After 10 weeks, the Los Angeles Rams sit at 3-7. They have losses to backup-caliber quarterbacks in Colt McCoy and Andy Dalton. The offense continues to look disjointed and unrecognizable. If someone woke up from a year-long coma and you showed them the 2022 version of the Rams, it would be hard to convince them that this team won the Super Bowl just over seven months ago.
During the Super Bowl parade, there were chants to ‘run it back’. While repeating was always going to be difficult, at this point, it’s fair to wonder whether or not it’s equally as difficult to do what the Rams have done and start 3-7 the following year.
The Rams have entered unprecedented territory not only for defending Super Bowl champions, but as a team under Sean McVay’s leadership. This was a coach that brought the Rams back from a decade of losing to a perennial playoff contender. While McVay missed the postseason in 2019, he still led the team to 9-7 and had a chance of the playoffs heading into Week 17.
Now, the Rams sit at 3-7 and completely out of the playoff hunt. They were never this bad under Jeff Fisher. The Rams haven’t had this many losses through 10 games since 2011 under Steve Spagnuolo. They finished that season 2-14.
If Matthew Stafford does get shutdown for the rest of the season, it’s hard to see the Rams winning another game with Bryce Perkins, John Wolford, or quarterback to be named later.
After the season that we experienced in 2021, it’s hard to wonder how the Rams even got here. The 2021 and 2022 version of the Rams are polar opposites. One was a Super Bowl contender and hoisted the Lombardi Trophy, the other is a contender for the NFL’s number one overall pick that is owned by the Detroit Lions.
How did the 2022 version of the Rams even get to this point?
Unlike the Tampa Bay Buccaneers of 2021, the Rams didn’t actually “run it back” in 2022. Andrew Whitworth retired, Austin Corbett and Darious Williams left in free agency, Von Miller went to Buffalo, Robert Woods was traded, and the team opted not to bring back Sony Michel.
Players like Whitworth, Corbett, Miller, and even Woods to an extent were key contributors in the Rams’ Super Bowl run. It’s hard to know what you have until it’s gone and the Rams have certainly missed these players.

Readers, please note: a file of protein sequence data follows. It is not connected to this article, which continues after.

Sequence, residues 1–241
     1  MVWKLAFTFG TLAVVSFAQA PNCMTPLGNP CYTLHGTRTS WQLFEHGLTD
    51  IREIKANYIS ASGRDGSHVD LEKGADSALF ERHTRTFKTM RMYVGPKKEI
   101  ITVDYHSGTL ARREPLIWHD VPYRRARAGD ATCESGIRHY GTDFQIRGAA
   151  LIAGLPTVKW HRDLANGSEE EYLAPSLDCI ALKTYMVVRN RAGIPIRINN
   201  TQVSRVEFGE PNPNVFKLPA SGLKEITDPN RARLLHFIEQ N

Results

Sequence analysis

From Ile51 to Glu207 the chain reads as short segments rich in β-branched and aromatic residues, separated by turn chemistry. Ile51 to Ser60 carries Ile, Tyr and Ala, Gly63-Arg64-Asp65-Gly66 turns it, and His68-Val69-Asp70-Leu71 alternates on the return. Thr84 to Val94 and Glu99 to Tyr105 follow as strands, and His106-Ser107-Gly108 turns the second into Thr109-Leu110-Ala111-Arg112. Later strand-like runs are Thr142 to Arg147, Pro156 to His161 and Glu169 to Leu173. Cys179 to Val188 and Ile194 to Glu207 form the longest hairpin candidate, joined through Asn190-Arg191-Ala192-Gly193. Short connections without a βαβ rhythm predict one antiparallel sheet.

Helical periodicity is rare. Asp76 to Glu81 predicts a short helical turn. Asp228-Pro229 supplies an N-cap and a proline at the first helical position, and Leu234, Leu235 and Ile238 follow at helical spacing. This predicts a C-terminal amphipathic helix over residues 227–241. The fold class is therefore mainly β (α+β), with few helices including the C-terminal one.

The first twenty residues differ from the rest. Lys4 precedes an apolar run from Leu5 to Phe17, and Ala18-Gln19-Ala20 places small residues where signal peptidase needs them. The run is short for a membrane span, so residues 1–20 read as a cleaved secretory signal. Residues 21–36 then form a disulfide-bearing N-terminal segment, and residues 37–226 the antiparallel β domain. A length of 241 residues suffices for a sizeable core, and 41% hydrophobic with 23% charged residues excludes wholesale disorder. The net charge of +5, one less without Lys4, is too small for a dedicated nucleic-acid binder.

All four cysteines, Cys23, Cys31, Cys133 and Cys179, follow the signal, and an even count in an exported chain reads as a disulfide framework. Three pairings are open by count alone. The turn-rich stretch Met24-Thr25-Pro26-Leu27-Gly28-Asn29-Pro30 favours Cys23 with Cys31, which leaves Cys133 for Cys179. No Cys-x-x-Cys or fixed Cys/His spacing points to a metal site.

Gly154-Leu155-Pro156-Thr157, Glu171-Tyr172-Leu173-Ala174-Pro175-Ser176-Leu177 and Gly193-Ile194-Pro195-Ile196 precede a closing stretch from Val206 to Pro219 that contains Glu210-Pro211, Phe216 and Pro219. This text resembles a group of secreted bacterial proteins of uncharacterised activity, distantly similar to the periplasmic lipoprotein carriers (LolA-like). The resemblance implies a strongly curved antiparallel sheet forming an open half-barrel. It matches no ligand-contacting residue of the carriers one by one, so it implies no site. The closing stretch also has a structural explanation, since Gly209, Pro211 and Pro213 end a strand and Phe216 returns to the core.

After winning the Super Bowl, the Rams coaching staff was also gutted unlike any other. Kevin O’Connell who had been with the Rams for two seasons left to be the head coach of the Minnesota Vikings. With him, O’Connell took Wes Phillips.
On defense, Ejiro Evero left to be the defensive coordinator of the Denver Broncos and Marcus Dixon left with him to be the defensive line coach.
That doesn’t even mention losing coaches like Brandon Staley, Aubrey Pleasant, Joe Barry, Shane Waldron and front office executives like Brad Holmes and Ray Agnew the season before.
At some point, all of that turnover catches up to you. The Rams have a strong culture, but that can be difficult to maintain year-over-year with a lot of turnover in important leadership positions.
Combine all of this turnover in player and coaching personnel with the injuries to the offensive line, Matthew Stafford’s concussions, etc. and you get the current result.
Next week against the Kansas City Chiefs, the Rams will be starting their 11th different offensive line combination in 11 games. The Rams haven’t invested in the backup quarterback position which as left them with Wolford and Perkins and very little chance to win with Stafford out.
However, it takes more than just injuries to be 3-7 after 10 games. The Rams offense has scored six second half touchdowns this season. Only the Denver Broncos are worse with five. The defense doesn’t have a turnover since Week 6 against the Carolina Panthers.
This isn’t just an offensive issue or a defensive issue. The 2022 season is a complete organizational failure from everybody. It’s been a total team effort The coaching carousel, the lack of draft picks creating lack of depth across the roster, not re-signing valuable free agents, etc. have all contributed to the current on-field product.
With the Rams season likely over, the offseason will start almost two months early. This will be a time to evaluate coaches and players as the team looks ahead to 2023. The Rams championship window hasn't closed yet, but it will take a lot of self-reflection over the coming months to right the ship and give it one last run with this core group of players.